I’m unfortunately not able to review as many games as I have in the past, simply because of time constraints.  But I’d heard a lot about Do and when the opportunity to give it a look fell in my lap, I jumped at it.

It’s one of the few games I’ve looked at recently where I was truly struck by the fantastic artwork. I mean it jumped off the page and slapped me about – it’s really well done, stylistically it fits perfectly with the game and serves to immediately capture your interests and drag you forcefully into the game world.  Thankfully, that’s a good thing.  It’s not often I jump into a review starting with the artwork.  I will tell you one more thing about it though.  I would buy this book simply for the artwork even if I never intended to play it.  Fortunately, it’s a game worth playing.

Do is a cooperative storytelling game.  This means that there aren’t any dice, or character sheets (mostly) or tons of set in stone rules regarding classes, characters and the monsters they hack and slash.  No, Do is more about engaging your imagination and coming up with a story you wouldn’t  mind sitting down and listening too, that is if you weren’t actively creating it.

Picture this. There is a flying temple, orbited by an infinite number of small worlds, inhabited by an infinite number of interesting people and creatures. That’s the world of Do.  Your characters are young initiates at the temple, giving the task of a pilgrimage to the varied worlds surrounding it.

The inhabitants of these worlds, when they come in to troubled times or have unfulfilled  wishes, write letters to the temple outlining their troubles.  The pilgrims are bound to answer, and do their best to set things right.

Do has some central themes that all of the collaborative stories are centered on.  Each player is a pilgrim.  The pilgrims have a stack of letters and a mission: To leave this world a better place then they found it.  The pilgrims will attempt to help the people who’ve written these letters, but in the process will cause new troubles to arise.  They must then do their best to leave everything better than when they found it.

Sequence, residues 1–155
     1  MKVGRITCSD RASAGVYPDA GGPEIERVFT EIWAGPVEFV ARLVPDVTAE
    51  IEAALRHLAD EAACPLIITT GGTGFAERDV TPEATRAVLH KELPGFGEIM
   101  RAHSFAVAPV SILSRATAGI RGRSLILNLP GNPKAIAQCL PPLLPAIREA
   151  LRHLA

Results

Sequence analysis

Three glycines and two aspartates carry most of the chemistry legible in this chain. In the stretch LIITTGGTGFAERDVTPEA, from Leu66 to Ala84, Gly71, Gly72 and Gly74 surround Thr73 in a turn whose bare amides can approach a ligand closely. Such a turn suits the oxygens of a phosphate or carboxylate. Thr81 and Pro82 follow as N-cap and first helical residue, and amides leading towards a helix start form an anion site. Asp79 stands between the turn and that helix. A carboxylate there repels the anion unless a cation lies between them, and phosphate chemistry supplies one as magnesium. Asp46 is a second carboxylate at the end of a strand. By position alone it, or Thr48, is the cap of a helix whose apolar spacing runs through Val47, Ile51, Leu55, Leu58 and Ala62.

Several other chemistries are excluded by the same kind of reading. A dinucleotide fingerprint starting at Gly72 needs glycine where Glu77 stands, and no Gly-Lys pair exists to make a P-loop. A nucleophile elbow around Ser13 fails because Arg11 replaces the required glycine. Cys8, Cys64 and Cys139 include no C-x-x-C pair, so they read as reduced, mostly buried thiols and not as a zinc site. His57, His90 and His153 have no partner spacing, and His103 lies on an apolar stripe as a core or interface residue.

Simple concept, interesting execution.

Each player must give their pilgrim a name, such as Pilgrim Smoking Wand.  The name is significant in that it helps describe how the Pilgrim gets in to trouble and how they help people.  Perhaps Pilgrim Smoking Wand has smoke come out his ears when he gets angry, thus causing people to believe he’s a demon. But he also has a wand that grants a single wish from whomever he’s trying to help.

The game isn’t simply free-form storytelling though.  There are mechanics, and each player takes a turn at being the “storyteller” (the one who leads the other players through a particular round of creativity).  Black and white stones are drawn at random to help determine what course the story will take. The stones help determine if your pilgrim will get into trouble, out of trouble, helps a person or another pilgrim and so on.

At the end of a game, the players will have told an interesting story, with everyone contributing a roughly equal part to it, and will have excersised their creativity.